A pair of serious knee injuries cost D.T. Shackelford two years of eligibility, but it could also lead to an additional one.
According to the Jackson Clarion-Ledger, the linebacker/defensive end is considering applying for a medical hardship waiver that, if approved, would give him a sixth season of eligibility. Shackelford has already earned his bachelor’s degree in history — in three years — and is on pace to receive his Master’s degree in education this coming May.
The fact that he could remain in school and pursue a doctorate or doubling up on Master’s, along with his love of the game of football, has him eyeing the additional season of eligibility.
“There’s still probably some more education pursuits that I want to pursue,” Shackelford, who would ultimately like to become a school principal, said. “Either a doctorate or get another Master’s. There’s life after football, and I’m the one to know. … I also love to play this game, and I love Ole Miss and I love these guys that I play with.”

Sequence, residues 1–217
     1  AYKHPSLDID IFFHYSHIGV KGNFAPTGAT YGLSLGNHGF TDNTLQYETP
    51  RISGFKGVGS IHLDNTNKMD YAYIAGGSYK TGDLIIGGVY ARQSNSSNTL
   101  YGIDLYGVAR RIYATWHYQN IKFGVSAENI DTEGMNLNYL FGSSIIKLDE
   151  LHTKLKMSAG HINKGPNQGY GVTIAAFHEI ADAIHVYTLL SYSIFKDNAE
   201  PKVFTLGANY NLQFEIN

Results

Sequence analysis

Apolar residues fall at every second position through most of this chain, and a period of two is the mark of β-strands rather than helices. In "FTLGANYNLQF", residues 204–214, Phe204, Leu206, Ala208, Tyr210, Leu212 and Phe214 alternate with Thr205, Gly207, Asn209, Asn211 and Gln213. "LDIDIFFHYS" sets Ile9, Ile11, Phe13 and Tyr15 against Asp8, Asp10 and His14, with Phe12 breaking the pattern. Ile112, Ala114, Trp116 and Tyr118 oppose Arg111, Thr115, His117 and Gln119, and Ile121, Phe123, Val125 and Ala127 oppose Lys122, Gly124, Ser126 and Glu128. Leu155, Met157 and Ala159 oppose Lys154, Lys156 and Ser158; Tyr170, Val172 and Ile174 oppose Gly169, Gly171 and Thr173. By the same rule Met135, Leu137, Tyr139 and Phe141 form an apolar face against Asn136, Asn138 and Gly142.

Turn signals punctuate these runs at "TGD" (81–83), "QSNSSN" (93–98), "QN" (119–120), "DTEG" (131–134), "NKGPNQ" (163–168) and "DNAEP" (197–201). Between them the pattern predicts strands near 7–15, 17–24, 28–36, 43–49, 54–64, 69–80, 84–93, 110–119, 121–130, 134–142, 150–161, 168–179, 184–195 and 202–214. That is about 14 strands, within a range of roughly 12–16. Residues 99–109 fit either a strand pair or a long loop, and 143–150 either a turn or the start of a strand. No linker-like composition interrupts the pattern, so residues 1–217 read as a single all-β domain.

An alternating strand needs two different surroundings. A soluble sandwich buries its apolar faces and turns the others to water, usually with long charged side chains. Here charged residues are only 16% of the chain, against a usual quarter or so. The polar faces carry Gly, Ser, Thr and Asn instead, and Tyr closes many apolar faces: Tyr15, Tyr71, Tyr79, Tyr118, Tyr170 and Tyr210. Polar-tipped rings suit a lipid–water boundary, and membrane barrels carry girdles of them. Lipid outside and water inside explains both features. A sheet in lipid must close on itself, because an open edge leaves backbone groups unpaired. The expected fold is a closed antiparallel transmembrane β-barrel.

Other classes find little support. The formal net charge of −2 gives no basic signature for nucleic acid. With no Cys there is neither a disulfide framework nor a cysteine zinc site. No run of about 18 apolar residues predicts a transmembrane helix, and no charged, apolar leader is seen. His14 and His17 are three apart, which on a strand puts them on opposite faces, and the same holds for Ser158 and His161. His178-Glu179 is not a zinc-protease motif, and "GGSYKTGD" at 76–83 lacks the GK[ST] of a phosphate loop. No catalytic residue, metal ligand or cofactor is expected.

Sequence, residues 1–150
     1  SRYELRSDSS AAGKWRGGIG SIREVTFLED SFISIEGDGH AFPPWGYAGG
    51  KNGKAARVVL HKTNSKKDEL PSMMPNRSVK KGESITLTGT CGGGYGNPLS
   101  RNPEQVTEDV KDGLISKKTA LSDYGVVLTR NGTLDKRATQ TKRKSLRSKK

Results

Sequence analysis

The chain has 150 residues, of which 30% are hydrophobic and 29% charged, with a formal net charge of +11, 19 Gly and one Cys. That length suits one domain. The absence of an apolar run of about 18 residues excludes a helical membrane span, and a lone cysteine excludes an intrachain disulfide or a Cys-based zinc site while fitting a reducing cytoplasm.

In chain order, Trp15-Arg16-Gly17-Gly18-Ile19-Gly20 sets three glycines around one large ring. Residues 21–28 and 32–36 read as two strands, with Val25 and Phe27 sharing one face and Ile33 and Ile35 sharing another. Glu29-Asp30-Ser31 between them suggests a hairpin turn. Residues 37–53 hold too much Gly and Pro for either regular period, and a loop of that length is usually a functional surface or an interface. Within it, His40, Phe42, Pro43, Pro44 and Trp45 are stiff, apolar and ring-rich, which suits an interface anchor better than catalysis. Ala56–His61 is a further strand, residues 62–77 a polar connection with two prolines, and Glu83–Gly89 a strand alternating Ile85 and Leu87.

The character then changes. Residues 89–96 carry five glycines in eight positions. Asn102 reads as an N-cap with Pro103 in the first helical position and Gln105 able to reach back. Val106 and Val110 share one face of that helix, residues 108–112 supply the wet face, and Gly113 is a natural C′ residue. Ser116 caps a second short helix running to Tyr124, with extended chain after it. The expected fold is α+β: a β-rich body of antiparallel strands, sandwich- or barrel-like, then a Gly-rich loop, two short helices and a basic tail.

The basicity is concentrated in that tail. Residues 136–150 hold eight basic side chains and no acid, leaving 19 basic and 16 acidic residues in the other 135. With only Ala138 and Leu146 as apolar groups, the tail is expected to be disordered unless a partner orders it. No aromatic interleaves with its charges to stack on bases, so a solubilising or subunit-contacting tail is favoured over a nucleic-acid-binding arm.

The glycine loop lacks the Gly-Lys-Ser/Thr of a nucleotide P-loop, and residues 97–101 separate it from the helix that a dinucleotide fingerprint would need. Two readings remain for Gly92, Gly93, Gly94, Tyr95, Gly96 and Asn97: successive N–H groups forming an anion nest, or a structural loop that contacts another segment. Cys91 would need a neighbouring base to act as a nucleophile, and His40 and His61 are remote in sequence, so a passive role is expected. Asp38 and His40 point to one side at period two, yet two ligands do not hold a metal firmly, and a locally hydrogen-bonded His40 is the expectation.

If Shackelford were to apply for a sixth season, it would be a slam-dunk no-brainer for the NCAA. And, if any governing body knows about making decisions that involve no brains, it’s The Association.
Shackelford missed the 2011 and 2012 seasons due to ACL tears — one in each knee — and the subsequent surgeries/rehab. Per NCAA guidelines, any player that misses two full seasons because of injury would eligible for a sixth season of eligibility.
Prior to the knee injuries, Shackelford was named to the SEC All-Freshman team by the coaches in 2009 and led the Rebels in sacks in 2010. Returning to the playing field for the first time since that season, and being healthy enough to play in nine games, Shackelford has recorded 22 tackles and two sacks.